The twentieth century engendered numerous territorial disputes, which were primarily attributable to the post-colonial legacy of countries that had received long-awaited independence, and at the same time a whole range of problems related to the self-identification of nations. The projects by Amar Kanwar, Shilpa Gupta, Shezad Dawood, Tenzing Rigdol and Shahzia Sikander are related to this topic. An important landmark is also played by the formation of the State of Israel. As a result, a permanent hotbed of geopolitical tension appeared in the Middle East. This is recounted directly or indirectly in the works by Lawrence Abu Hamdan, Mehreen Murtaza, Sophie Ernst, and Nira Pereg. The collapse of the Soviet Union was one of the major political events of the late 20th century. The states formed after this collapse have tried to draw borders based on the boundaries of ethnic communities, and this idea has frequently failed. Authors from the former USSR and Russian regions have focussed on this topic – Stefan Rusu, Aslan Gaisumov, Sitara Ibrahimova, Taus Makhacheva, Yerbossyn Meldibekov, Kristina Romanova, and Aleksandr Barkovskiy. A similar redefinition of borders also happened in certain parts of Eastern Europe. The space of former Yugoslavia, which experienced all the horrors of war. may be the most dramatic example. The problems of this region are conceptualised by Maja Bajevic, Albert Heta, Anja Medved, and Danica Dakic. It also goes without saying that a number of projects are dedicated to the conflict in Crimea: the works by Sergey Bratkov, Igor Muhkin, Elizabeth Hoak-Doering and Dan Peterman.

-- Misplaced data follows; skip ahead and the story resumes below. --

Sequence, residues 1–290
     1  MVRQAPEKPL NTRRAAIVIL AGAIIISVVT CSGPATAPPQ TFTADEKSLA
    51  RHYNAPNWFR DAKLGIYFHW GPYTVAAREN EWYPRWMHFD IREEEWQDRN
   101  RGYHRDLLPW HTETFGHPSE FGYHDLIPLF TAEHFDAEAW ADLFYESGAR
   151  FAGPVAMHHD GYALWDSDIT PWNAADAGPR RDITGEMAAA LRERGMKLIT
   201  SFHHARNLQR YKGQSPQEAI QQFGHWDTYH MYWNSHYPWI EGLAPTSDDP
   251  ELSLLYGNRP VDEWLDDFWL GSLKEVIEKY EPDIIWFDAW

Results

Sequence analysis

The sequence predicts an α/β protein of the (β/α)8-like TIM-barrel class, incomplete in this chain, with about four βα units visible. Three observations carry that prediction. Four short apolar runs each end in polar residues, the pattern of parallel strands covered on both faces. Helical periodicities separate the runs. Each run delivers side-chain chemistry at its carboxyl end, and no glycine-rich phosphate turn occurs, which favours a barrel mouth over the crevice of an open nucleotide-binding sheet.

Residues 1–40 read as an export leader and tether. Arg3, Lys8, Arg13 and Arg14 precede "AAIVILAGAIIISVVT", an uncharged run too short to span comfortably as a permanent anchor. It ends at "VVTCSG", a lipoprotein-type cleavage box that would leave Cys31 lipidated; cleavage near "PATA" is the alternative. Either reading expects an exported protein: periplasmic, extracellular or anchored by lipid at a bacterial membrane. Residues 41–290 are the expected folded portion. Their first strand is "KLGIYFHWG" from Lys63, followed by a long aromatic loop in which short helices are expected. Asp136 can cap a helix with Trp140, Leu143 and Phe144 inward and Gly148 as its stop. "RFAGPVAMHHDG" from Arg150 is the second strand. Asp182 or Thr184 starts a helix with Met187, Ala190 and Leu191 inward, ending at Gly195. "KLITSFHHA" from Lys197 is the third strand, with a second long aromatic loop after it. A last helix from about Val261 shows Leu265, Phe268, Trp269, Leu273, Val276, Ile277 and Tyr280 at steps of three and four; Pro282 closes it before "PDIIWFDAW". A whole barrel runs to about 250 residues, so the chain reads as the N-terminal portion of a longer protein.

Today, the authors in their works turn on the one hand to academic disciplines – geography, sociology, anthropology, ethnography, and on the other hand the personal and biographical experience of individuals becomes the most important resource. The diversity of their world views and life journeys will enable us to exceed the bounds of the parochial problem of geopolitical confrontation, and gain a critical understanding of the more profound basis of the connections between the issues for the self-determination of the national community and its affiliation to the specific territory.

Participants: Maja Bajevic, Aleksandr Barkovskiy, Anca Benera and Arnold Estefan, Sergey Bratkov, Sofya Gavrilova, Aslan Gaisumov, Shilpa Gupta, Shezad Dawood, Daniсa Dakic, Sitara Ibrahimova, Yulia Kazas (Yuka-Yuka), Amar Kanwar, David-Perez Karmadavis, Urban Fauna Lab, Taus Makhacheva, Anja Medved, Yerbossyn Meldibekov, Mehreen Murtaza, Igor Mukhin, Nira Pereg, Dan Peterman, Tenzing Rigdol, Kristina Romanova, Stefan Rusu, Shahzia Sikander, Lawrence Abu Hamdan, Albert Heta, Elizabeth Hoak-Doering, Tiffany Chung, Motoyuki Shitamichi, and Sophie Ernst.